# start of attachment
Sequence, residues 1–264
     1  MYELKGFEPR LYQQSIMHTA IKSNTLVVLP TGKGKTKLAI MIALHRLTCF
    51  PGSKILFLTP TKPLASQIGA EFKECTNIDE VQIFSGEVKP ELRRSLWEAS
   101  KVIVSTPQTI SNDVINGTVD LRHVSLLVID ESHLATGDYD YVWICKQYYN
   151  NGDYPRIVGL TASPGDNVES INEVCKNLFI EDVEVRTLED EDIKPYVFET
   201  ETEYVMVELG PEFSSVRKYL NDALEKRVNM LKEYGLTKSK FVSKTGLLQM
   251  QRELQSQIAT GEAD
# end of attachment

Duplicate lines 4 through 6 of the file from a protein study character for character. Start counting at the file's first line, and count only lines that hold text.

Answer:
   101  KVIVSTPQTI SNDVINGTVD LRHVSLLVID ESHLATGDYD YVWICKQYYN
   151  NGDYPRIVGL TASPGDNVES INEVCKNLFI EDVEVRTLED EDIKPYVFET
   201  ETEYVMVELG PEFSSVRKYL NDALEKRVNM LKEYGLTKSK FVSKTGLLQM